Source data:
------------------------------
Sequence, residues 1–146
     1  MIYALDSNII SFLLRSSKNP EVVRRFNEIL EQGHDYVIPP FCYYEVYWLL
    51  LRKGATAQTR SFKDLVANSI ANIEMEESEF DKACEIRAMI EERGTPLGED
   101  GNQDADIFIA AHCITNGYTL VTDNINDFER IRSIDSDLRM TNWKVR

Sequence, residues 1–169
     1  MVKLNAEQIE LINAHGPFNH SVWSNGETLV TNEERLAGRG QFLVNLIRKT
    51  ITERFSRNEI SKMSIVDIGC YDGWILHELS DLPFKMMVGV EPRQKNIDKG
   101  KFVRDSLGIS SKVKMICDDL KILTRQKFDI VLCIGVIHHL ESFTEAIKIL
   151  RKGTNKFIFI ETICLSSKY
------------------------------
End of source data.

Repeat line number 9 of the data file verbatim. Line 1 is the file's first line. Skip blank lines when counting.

   151  RKGTNKFIFI ETICLSSKY